Comparison of feed intake, body weight gain, enteric methane emission and relative abundance of rumen microbes in steers fed sainfoin and lucerne silages under western Canadian conditions.
Bouchard, K., Wittenberg, K.M., Legesse, G., Krause, D.O., Khafipour, E., Buckley, K.E., and Ominski, K.H. (2015). "Comparison of feed intake, body weight gain, enteric methane emission and relative abundance of rumen microbes in steers fed sainfoin and lucerne silages under western Canadian conditions.", Grass and Forage Science, 70(1), pp. 116-129. doi : 10.1111/gfs.12105 Access to full text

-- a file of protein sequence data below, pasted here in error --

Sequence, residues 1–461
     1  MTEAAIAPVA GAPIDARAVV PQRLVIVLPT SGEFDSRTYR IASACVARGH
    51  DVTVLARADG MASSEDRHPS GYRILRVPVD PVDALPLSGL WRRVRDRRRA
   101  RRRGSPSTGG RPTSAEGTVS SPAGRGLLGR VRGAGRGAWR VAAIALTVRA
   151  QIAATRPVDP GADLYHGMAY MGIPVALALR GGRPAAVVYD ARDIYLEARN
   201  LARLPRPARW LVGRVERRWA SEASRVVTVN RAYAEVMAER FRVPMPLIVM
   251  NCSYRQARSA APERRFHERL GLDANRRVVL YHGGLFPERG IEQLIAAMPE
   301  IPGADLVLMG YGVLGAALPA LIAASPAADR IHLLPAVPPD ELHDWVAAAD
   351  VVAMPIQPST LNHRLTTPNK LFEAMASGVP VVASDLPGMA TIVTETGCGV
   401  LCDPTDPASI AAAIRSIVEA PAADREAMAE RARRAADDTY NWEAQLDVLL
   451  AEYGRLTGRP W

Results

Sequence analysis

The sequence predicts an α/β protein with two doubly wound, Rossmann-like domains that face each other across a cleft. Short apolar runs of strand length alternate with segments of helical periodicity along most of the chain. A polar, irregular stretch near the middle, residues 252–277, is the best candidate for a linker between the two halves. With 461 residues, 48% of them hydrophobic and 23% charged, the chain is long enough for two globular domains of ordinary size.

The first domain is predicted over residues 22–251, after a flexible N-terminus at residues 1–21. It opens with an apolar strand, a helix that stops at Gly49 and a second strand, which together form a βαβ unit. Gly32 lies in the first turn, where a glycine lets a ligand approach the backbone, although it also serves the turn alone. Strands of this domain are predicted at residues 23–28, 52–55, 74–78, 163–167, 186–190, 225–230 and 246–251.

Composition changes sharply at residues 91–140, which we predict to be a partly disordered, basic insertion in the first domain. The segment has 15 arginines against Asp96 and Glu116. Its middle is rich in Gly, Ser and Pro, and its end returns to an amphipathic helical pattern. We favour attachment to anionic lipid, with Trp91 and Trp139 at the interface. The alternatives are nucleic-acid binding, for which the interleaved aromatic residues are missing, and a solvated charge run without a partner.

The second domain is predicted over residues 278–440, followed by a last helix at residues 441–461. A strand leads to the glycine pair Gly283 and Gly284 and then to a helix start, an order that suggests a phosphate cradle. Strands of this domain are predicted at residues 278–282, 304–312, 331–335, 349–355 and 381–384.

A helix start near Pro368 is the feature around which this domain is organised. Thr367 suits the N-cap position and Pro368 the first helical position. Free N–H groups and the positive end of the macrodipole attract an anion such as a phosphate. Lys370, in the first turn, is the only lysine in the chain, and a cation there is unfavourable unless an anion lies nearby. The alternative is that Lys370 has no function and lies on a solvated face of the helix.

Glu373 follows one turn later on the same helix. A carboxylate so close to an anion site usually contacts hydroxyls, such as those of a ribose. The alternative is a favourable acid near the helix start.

Beef cattle are major contributors of enteric methane (CH4) emissions in Canada. Feeding forages containing condensed tannins (CT) has been suggested as a means of reducing enteric CH4 emissions and improving production efficiency. Sainfoin (Onobrychis viciifolia) is one of the CT-containing legumes, which has also been recognized to have several additional beneficial properties. This study compared sainfoin silage (SS) and lucerne (Medicago sativa) silage (LS) with respect to animal performance, enteric CH4 production, abundance of selected rumen microbes and selected serum parameters in yearling steers during a Canadian winter. Sainfoin silage in our study contained approximately 12 g CT kg−1 dry matter (DM), a level which did not adversely affect silage palatability as steers fed SS experienced higher DM intake. However, animals fed LS and SS had similar body weight gain over the course of the trial. Feeding SS resulted in lower blood urea nitrogen concentrations and relative abundance of methanogenic archaea in rumen fluid. Yet, microbial population shifts fell short of exerting significant influence on enteric CH4 emissions. This study suggests that under western Canadian growing and animal-rearing conditions, sainfoin is not yet competitive with lucerne forage with respect to enteric CH4 emissions or animal productivity warranting further research and development.
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